Tank pressure, hose length and the air consumption rate are some of the factors that are vital in the success of sharing air while diving. With regards to air consumption rate, divers have to know their companion’s level of air consumption since it serves as a basis whether the diver has to share air with a diving companion. With regards to hose length, sharing of air is most likely effective when air hose measures about two to three feet from the user.
Think you’re ready to share air? You may want to think again. Here are a few tips the training manuals probably didn’t teach you.
OK. You know the basics: Always carry an alternate air source – octopus, Air II, pony and reg, Spare Air – appropriate for your diving. Always review with your buddy what alternate air source you have and where it is. If a low-on-air situation occurs, pass your alternate air source or primary according to plan, establish contact and positive buoyancy, then make a controlled ascent – including a safety stop if air supply allows. That’s pretty much it, right?
You might be surprised at just how unprepared you and your buddy might be to share air.
* Are you diving with a Hoover? Your preparation to share air begins well before you enter the water. What do you know about your buddy’s air consumption? Does he suck it up faster than a vacuum cleaner? Or does she seem to sip air like a fine wine, always ending a dive with more air than you? This isn’t a competition, but knowing your buddy’s rate of air consumption can help you make better decisions under water and possibly avoid having to share in the first place.
* Does it work? One of the problems with an alternate air source is that we tend to ignore it until the next annual tune-up – or emergency. In the meantime, it may have lost performance, become full of sand, developed a loose mouthpiece or a frozen purge button, etc. A low-on-air situation is not the best time to find out your alternate air source is non-functional. A good habit is to occasionally complete your safety stop breathing from your alternate air source.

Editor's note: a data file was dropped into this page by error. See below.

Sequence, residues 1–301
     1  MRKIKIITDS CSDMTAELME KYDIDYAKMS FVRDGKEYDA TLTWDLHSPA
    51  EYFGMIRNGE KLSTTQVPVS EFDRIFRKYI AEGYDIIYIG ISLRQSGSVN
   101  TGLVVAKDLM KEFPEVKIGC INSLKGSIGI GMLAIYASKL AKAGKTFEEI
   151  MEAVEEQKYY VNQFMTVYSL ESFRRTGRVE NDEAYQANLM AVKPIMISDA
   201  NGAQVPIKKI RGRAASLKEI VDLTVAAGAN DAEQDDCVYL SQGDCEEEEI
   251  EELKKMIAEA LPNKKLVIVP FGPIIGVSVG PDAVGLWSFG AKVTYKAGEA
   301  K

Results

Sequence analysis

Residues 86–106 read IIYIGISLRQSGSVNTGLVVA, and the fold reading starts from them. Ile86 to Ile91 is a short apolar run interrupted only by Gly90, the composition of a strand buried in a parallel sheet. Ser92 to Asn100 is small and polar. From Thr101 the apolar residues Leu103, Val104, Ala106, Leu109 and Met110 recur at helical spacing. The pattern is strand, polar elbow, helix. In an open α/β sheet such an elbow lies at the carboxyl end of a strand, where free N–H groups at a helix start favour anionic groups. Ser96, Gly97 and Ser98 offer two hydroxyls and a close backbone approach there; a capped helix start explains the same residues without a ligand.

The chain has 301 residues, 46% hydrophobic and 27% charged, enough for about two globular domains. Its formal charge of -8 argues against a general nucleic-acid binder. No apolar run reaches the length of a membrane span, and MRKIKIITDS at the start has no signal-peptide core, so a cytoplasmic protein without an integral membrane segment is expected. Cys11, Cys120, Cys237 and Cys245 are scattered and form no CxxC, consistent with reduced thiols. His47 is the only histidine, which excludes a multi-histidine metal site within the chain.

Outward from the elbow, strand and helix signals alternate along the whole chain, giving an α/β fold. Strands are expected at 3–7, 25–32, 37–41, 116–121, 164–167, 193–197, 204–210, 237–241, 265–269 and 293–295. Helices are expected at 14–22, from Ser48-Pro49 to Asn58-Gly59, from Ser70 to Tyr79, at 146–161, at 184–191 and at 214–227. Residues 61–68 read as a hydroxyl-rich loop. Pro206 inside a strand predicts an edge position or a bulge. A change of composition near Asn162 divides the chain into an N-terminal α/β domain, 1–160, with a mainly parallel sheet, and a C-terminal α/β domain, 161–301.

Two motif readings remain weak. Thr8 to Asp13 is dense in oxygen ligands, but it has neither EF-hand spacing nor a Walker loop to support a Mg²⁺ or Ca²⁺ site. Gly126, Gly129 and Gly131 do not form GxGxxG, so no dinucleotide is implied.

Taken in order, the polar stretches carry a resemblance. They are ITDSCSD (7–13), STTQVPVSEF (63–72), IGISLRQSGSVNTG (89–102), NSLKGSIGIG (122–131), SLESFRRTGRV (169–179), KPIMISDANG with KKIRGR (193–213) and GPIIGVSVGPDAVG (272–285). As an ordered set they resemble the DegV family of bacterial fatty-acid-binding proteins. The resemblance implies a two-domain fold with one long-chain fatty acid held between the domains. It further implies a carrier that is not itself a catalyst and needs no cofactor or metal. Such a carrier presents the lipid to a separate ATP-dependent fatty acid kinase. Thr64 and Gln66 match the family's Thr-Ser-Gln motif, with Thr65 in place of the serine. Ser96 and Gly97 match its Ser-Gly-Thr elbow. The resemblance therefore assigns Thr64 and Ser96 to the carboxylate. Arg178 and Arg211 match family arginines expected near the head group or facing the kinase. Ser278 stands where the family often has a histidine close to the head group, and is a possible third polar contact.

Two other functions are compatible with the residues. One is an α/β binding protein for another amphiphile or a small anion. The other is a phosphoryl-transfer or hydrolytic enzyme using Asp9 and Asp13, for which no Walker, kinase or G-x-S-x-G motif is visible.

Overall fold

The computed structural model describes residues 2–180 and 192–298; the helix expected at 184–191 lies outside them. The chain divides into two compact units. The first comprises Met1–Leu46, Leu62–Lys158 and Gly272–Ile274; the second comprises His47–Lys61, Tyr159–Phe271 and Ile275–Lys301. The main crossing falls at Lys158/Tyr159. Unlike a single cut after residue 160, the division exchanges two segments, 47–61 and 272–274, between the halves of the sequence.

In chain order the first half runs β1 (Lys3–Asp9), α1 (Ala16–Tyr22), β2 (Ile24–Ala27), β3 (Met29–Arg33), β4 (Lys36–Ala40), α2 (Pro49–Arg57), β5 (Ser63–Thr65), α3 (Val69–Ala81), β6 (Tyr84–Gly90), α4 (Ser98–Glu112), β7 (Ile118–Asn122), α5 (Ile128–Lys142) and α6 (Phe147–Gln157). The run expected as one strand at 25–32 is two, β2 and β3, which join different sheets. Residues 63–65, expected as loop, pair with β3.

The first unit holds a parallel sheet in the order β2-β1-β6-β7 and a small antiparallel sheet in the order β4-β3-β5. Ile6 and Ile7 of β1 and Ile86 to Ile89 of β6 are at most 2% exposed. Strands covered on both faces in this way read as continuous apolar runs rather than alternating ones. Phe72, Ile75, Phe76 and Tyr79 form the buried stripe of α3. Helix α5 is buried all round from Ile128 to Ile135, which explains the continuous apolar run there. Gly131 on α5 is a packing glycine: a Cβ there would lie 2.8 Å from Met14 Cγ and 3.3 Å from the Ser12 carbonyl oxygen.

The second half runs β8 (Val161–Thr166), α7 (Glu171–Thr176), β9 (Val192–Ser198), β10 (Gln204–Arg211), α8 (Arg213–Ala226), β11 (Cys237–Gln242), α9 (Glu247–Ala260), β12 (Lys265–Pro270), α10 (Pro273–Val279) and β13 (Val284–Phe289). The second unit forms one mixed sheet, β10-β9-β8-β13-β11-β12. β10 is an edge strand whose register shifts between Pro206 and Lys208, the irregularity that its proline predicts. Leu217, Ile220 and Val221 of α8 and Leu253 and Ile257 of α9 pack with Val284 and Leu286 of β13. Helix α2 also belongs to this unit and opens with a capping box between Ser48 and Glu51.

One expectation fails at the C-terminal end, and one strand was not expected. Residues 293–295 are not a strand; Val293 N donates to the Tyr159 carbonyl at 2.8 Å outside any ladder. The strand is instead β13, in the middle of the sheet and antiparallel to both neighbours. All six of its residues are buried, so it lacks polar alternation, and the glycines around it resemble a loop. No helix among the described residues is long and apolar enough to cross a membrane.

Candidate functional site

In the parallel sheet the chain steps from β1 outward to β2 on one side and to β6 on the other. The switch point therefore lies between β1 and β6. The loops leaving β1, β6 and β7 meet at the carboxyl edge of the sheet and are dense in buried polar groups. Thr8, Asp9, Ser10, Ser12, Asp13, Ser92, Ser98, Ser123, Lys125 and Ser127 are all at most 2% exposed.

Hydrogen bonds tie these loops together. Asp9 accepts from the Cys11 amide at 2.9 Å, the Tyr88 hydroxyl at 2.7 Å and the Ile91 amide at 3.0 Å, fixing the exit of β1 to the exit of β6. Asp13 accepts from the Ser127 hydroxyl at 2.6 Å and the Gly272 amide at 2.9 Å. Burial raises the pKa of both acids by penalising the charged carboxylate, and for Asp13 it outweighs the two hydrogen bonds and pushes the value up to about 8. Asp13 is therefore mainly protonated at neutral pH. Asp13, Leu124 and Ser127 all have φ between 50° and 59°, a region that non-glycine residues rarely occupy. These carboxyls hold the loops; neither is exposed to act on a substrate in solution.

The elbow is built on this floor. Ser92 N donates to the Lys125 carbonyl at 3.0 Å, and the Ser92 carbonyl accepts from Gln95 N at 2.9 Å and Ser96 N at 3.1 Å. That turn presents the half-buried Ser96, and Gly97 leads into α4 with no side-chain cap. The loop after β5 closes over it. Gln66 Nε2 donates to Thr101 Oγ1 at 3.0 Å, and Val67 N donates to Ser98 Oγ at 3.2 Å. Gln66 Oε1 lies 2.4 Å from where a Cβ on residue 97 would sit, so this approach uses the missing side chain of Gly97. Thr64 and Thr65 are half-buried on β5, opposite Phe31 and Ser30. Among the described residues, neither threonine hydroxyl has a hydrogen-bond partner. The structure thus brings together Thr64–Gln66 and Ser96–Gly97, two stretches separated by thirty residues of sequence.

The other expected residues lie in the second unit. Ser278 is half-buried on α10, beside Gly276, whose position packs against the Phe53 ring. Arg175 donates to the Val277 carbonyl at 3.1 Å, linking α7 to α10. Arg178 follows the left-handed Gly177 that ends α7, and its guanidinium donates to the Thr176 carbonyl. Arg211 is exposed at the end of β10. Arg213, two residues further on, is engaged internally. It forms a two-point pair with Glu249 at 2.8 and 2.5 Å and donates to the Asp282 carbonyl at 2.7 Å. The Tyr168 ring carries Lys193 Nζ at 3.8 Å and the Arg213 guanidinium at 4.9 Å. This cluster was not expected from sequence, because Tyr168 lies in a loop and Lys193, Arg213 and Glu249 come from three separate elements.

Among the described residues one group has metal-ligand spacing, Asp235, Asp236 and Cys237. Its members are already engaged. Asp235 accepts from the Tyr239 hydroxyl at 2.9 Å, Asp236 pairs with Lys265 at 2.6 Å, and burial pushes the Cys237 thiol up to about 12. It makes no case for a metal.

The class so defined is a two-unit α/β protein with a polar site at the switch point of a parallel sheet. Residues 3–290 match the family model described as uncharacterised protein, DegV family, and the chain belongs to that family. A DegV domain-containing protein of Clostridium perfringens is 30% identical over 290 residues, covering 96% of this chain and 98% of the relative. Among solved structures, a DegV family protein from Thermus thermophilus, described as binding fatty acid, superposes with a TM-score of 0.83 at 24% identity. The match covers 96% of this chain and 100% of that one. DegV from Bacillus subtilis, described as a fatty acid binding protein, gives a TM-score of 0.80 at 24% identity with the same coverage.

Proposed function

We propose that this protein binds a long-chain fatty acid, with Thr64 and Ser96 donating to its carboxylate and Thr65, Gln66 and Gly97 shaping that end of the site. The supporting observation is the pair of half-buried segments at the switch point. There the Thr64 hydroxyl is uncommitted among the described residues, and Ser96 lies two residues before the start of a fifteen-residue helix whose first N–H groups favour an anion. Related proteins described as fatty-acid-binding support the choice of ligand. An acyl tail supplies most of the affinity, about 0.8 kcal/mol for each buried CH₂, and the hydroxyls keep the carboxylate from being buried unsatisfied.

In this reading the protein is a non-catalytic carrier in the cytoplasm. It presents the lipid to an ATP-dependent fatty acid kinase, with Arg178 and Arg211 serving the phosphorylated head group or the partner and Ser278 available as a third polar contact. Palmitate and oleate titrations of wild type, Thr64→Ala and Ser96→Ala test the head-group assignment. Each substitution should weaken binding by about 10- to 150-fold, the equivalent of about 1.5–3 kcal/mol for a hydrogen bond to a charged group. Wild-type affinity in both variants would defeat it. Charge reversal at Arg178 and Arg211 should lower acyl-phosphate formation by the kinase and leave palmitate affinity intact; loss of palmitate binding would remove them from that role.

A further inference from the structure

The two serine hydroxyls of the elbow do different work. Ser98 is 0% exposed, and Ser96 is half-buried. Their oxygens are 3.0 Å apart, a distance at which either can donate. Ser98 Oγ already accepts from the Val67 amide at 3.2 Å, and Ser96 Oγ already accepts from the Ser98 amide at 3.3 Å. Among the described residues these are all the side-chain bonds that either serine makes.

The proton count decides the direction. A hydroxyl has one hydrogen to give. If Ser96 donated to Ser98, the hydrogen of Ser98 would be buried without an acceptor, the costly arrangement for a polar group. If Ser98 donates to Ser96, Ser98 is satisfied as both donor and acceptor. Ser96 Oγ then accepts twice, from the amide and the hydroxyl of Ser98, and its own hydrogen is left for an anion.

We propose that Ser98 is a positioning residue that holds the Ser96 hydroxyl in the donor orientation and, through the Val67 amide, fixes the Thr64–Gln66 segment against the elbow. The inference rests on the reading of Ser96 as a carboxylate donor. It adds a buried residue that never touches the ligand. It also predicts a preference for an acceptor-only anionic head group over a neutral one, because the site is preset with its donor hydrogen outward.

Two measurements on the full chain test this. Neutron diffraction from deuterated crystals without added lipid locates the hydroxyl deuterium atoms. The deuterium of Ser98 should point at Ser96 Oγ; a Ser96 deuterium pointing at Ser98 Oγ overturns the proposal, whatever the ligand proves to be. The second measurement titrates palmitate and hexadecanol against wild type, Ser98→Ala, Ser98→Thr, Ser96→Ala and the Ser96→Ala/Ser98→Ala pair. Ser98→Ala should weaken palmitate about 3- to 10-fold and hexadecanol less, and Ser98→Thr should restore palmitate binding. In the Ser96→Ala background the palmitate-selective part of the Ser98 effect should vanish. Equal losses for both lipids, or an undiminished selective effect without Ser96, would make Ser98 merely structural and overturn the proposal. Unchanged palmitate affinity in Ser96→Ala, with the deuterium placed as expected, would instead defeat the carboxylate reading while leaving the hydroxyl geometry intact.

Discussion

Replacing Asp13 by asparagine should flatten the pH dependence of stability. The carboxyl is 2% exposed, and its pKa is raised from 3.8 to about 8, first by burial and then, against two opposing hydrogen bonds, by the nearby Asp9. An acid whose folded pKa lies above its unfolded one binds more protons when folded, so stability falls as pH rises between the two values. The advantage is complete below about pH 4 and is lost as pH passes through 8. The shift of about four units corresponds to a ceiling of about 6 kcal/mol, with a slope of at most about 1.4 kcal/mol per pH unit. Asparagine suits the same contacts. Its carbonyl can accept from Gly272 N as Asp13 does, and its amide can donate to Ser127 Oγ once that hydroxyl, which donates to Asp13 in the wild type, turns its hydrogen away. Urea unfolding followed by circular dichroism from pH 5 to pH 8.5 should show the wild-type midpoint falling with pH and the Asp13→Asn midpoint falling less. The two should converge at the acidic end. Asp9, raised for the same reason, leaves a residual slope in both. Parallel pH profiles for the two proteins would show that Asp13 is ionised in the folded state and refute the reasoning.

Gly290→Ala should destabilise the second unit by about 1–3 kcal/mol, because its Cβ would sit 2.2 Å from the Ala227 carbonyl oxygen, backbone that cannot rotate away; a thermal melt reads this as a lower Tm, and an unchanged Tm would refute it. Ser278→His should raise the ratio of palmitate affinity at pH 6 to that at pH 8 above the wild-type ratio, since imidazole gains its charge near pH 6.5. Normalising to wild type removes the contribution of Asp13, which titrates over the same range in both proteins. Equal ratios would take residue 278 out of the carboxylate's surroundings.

* How long is your hose? Having an alternate air source is one thing; having it or your primary on a hose long enough to reach your buddy without a struggle is another. While it doesn’t have to be as long as a caver’s or wreck diver’s hose (capable of being passed ahead or behind), it should extend approximately two to three feet in front of you and allow the second stage to fit comfortably in your buddy’s mouth.
* What’s your tank pressure? Surfacing with at least 500 to 700 psi in your tank already makes a lot of sense: You might just need that air if something unexpected happens – a reverse squeeze, rough surface conditions, heavy kelp or a rescue for instance. But here’s another reason: As tank pressure decreases, the work of breathing for many regulators increases. (Indeed, the U.S. Navy originally set the 130-foot depth limit in the 1950s because of the poor performance of that era’s regulators below five atmospheres.) If your regulator is not designed for high performance-the ability to continue delivering the air demanded of it despite increased respiration and lowered tank pressures – or if it has lost performance due to poor maintenance, the stress of a second diver on it could cause overbreathing: the inability of a reg to deliver the air demanded of it. Being prepared to share air means having a well-maintained reg as well as an adequate supply of air.
* So what is your regulator’s performance rating? You can’t find it out from the manufacturer, the internet, other divers or other dive magazines. The only independent regulator tests done in the U.S. for consumers are by ScubaLab. ScubaLab’s evaluations are based on laboratory and ocean tests. Why? You can’t determine a reg’s true performance potential by breathing on it in a dive store or on a relaxed recreational dive. You must stress-test regulators on a breathing simulator and in the ocean at depths greater than 130 feet. Only in this manner can you find those regs with the back-up performance you may need one day, whether in a low-on-air situation, sharing air or in some other unforeseen emergency.
* Are you prepared for non-textbook air sharing? During pool practice, the low-on-air buddy calmly approaches you, calmly gives the “let’s share air” signal, and calmly takes your proffered second stage. Unfortunately, that’s not always the case in a real emergency in the real ocean, where the low-on-air buddy is more likely to swim furiously to you and, without giving a polite hand signal, snatch your second stage right from your mouth. That’s why to be truly prepared to share air, you must be ready to find and use your own alternate air source and be ready to take control of a buddy who may be panicked.